A new system for access to urgent care in Worcestershire has been welcomed by the MP for Redditch Rachel Maclean.
From October, as part of improvements to urgent and emergency care services, the County’s hospitals, including the A&E at the Alex, have been selected to be an early implementer of a national programme called NHS 111 First.
Under this new system, the public will be asked to contact NHS 111 before attending an Emergency Department if they have an urgent – but not serious or life-threatening – medical need.
By calling NHS 111, they will then be directed to the right service for them. This could be an appointment with a GP or dentist, or a timeslot at an Emergency Department.
Arrangements will not change for people with serious or life-threatening illnesses or injuries. People will still be advised to continue to dial 999 as before. Nobody that attends an Emergency Department without having contacted NHS 111 beforehand will be turned away.
NHS 111 is already able to refer and book people into a number of services, such as GP services. But from October, this will also include Emergency Departments and Minor Injury Units.
From next month, people arriving at Emergency Departments without an allocated time slot may experience longer waits, unless they need immediate treatment. Care Navigators will be in Emergency Departments to help people use NHS 111 while they wait. As a result, people may be directed elsewhere where they could be treated sooner.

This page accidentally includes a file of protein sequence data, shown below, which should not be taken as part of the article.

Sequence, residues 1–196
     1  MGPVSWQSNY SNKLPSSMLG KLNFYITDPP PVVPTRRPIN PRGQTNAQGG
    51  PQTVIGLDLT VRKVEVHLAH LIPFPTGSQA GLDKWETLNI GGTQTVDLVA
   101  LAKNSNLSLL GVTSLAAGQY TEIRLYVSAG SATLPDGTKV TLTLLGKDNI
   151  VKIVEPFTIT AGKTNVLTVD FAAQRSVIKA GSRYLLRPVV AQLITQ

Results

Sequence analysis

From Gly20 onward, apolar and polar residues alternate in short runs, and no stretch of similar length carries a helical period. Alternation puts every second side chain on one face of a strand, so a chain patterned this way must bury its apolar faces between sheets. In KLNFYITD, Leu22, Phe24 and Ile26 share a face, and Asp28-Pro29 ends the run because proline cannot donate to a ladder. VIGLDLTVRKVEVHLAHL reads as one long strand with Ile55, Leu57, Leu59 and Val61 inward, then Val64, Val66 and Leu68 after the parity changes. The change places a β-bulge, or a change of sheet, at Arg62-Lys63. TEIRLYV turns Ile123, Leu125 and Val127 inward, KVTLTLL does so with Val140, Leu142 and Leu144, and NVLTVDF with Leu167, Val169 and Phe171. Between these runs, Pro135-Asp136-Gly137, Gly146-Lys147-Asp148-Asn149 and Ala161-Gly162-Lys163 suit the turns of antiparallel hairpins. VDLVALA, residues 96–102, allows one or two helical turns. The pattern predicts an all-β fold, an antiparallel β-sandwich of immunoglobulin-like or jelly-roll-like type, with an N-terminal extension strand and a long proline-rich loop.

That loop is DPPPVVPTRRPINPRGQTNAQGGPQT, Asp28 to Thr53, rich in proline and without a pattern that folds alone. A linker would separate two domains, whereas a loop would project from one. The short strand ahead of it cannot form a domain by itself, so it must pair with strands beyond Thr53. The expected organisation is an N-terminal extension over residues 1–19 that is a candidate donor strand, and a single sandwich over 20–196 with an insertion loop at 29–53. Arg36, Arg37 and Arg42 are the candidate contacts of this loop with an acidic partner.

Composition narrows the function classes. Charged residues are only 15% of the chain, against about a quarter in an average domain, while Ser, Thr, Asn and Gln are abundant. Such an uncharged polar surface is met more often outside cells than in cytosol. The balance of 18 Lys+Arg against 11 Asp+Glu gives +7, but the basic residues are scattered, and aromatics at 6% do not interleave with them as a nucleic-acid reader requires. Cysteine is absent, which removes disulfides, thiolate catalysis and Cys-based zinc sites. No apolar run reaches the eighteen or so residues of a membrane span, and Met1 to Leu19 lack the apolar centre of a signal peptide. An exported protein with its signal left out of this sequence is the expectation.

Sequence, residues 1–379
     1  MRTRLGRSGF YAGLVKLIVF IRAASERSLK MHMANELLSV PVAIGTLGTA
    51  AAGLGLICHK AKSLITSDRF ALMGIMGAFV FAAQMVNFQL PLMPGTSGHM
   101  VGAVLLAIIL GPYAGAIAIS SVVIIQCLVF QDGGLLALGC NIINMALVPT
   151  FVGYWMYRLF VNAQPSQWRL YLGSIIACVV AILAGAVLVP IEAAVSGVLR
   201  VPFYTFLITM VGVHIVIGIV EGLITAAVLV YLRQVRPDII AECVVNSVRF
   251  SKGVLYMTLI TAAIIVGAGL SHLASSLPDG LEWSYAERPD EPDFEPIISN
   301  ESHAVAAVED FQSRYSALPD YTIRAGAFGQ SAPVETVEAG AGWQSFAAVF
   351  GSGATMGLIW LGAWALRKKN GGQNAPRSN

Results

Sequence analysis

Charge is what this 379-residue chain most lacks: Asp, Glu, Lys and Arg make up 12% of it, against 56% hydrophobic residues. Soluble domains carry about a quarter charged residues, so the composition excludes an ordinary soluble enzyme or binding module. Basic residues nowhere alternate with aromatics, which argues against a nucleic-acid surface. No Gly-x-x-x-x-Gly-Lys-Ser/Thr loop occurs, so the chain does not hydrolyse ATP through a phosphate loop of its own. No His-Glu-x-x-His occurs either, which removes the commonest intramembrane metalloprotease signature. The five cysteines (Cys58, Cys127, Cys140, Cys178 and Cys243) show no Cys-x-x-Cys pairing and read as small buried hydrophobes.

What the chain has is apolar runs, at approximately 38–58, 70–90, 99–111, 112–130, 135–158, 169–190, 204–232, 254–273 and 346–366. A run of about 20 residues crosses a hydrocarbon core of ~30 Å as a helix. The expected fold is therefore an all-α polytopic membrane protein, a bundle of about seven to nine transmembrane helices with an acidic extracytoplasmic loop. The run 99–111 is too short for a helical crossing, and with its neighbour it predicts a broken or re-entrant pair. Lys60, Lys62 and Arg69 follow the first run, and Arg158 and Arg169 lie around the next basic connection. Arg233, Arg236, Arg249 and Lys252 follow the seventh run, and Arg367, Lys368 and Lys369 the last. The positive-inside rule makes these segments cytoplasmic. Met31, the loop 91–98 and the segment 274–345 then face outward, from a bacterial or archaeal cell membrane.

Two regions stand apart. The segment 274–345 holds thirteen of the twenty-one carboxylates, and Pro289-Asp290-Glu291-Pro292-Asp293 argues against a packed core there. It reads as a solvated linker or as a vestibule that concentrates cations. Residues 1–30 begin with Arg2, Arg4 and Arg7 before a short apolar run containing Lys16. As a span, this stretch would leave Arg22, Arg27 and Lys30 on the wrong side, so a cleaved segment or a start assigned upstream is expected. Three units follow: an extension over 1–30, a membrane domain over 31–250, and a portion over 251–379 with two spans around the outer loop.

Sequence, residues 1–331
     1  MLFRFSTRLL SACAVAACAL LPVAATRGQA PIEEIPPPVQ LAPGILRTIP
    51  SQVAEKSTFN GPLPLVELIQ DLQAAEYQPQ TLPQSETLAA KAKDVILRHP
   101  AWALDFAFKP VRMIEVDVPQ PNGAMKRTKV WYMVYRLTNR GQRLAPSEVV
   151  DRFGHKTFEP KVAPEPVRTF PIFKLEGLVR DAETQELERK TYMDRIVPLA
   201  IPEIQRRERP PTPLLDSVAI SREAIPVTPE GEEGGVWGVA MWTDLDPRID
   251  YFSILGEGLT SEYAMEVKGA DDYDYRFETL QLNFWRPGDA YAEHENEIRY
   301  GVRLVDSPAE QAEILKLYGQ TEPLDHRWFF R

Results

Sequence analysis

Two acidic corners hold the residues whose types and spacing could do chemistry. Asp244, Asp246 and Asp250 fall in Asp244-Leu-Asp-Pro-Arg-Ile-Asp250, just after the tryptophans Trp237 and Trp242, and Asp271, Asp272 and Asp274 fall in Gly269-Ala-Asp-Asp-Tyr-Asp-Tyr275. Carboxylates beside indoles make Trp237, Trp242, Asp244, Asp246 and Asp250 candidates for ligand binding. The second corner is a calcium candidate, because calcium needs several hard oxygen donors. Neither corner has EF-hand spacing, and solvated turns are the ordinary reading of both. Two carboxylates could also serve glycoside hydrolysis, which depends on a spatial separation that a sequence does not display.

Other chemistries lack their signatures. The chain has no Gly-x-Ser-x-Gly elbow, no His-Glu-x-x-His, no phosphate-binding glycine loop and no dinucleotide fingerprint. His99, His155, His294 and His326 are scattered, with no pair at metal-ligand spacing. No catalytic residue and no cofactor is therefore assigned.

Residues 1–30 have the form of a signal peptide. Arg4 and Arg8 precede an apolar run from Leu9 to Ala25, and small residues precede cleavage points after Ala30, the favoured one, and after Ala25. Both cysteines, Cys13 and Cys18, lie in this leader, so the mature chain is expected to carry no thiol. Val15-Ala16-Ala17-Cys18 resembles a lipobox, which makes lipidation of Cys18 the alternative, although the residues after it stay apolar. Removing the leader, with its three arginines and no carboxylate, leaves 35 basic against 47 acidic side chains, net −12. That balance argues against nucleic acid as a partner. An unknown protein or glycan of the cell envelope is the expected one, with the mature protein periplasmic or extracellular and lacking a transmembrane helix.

By introducing this new system, it’s hoped:
- patients will get to speak with a senior clinician earlier; in some cases, this can also be a video consultation so patients can see who is advising them on their care.
- If a patient does need an urgent face-to-face appointment, this can be arranged there and then, without any further delay. They will know exactly where to go, and when. This will help reduce waiting times for all patients.
- By advising people where and when to go, we can control crowding and significantly reduce the risk of Covid-19 transmission.
To support NHS 111 First, the NHS is investing £24 million to increase 111 call handling capacity and will have more clinicians on hand to provide expert advice and guidance.
Each year there are 14.4 million A&E attendances in England that arrive without referral by 111, a GP or in an ambulance, as well as 2.1 million attendances that don’t result in any admission or treatment. Reducing this unnecessary use of Emergency Departments will ease the pressure on the NHS this winter and reduce transmission of Covid-19.
Welcoming this new system, Rachel said:
“We’re all too aware of the performances of our county’s A&Es, particularly at the Worcestershire Royal. Therefore, any attempt to reduce waiting times and to improve patient care will always be welcomed by me.
“It’s important to stress that in an emergency or life-threatening situation people should continue to call 999. This has not changed.
“However, for people with an urgent medical need that is not serious or life-threatening, this new system will triage people to the right treatment. This could be their GP, minor injuries or A&E. This will enable emergency departments to know that people are coming, ensuring patients get the treatment they need more quickly.
“Through my Alex Working Group, I will monitor the situation closely with hospital bosses to ensure this new system is having the desired effect on A&E performance and patient care. Any issues which emerge I will raise directly with the Health Secretary to ensure they are rectified.”